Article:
Is This Kid The Next Tim Sykes?

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Probably not, considering he seems to lack the same fame-whore sheen as Timbo but you must understand that when any college student is running a hedge fund out of his dorm room, we have to ask. To that end, we should probably wonder aloud to ourselves, is Merritt Graves the next Ken Griffin? And which is a bigger insult (just busting your hump KG, you know we love and have full faith a victory lap is in Citadel's future)? One way Graves, profiled by Institutional Investor this month, is different than the Griffster, Sykes, and other investors who got their start at a young age, II somewhat passive aggressively points out, is that MG isn't some little rich boy whose parents and friend tossed skrilla at and said "have fun." Also, he made money last year.


Graves got $7,000 during his sophomore year of high school from "a local day trader" named Jeff Larson who "saw something special" in the kid. The 7-large was promptly lost, which hurt but made a man out of him. Now, in addition to attending Pomona College, Graves manages Caelum Capital, a five-man $4.7 million long/short equity fund. He returned 174.1 percent in 2007, 40.6 percent in 2008 and, according to II "called the subprime mortgage crisis and its impact as early as 2005 and predicted the severe stresses that hit the banking sector in 2008."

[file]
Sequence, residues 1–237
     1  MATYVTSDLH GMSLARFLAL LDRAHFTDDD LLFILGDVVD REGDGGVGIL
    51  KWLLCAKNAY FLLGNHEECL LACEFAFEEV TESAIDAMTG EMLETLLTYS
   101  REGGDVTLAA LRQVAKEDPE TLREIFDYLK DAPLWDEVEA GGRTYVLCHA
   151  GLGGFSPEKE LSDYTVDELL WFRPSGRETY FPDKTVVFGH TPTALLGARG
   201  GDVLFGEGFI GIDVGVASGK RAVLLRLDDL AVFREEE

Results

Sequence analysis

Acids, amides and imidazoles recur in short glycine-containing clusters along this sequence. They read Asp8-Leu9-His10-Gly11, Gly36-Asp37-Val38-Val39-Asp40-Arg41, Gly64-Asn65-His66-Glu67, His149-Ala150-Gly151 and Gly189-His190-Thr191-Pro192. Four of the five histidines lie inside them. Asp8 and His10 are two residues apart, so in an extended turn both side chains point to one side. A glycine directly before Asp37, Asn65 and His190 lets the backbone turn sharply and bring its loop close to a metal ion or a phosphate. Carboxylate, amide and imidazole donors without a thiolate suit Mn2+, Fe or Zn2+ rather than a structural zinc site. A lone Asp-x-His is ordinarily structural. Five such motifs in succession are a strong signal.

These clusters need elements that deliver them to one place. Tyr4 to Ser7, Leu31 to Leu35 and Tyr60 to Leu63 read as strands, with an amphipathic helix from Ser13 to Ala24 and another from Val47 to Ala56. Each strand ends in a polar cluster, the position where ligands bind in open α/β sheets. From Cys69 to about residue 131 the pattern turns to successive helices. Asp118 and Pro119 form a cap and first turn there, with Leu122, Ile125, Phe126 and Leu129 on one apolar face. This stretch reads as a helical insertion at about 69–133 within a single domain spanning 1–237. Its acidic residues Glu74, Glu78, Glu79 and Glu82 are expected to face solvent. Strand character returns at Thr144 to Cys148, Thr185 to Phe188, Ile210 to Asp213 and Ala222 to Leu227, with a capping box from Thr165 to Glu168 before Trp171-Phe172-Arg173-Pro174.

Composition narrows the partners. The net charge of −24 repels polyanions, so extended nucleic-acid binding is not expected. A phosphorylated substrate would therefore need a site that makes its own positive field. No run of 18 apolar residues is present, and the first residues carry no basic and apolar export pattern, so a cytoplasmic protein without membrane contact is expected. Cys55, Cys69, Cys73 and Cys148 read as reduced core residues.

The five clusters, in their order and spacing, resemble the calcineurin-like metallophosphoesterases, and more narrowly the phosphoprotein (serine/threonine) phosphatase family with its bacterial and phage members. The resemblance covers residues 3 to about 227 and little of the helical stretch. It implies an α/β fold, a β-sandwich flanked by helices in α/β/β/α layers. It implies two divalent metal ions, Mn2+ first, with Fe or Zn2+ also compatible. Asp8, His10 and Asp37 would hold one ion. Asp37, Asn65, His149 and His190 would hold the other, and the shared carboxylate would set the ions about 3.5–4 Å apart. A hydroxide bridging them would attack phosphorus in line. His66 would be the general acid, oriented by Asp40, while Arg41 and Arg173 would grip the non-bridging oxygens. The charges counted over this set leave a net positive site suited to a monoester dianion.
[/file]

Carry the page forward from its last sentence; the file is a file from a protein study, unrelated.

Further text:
There doesn't seem to be much of anything to make fun of the li'l fella (who in fourth grade baked cookies that he sold in the teacher's lounge until the school shut him down) for, which you know is tough for us, so we'll just make ourselves useful by shilling the kid. If anyone is interested in getting a piece of this (essentially) pre-teen action, and has a few shekels to spare, Big G is looking grow Caelum's AUM to $25 million or so over the next year. No promises on how the investment will turn out but for the time being you can probably expect that you'll probably get a sincere letter of contrition if it turns out badly ("You definitely think about the people you are responsible for and the investors who are counting on you," says Graves). Here's hoping he blows up enough to start sending out "I'm not wrong, the markets are wrong" non-apologies and responding to redemption requests with offers of toxic waste. That's when we'll know he's made it big.

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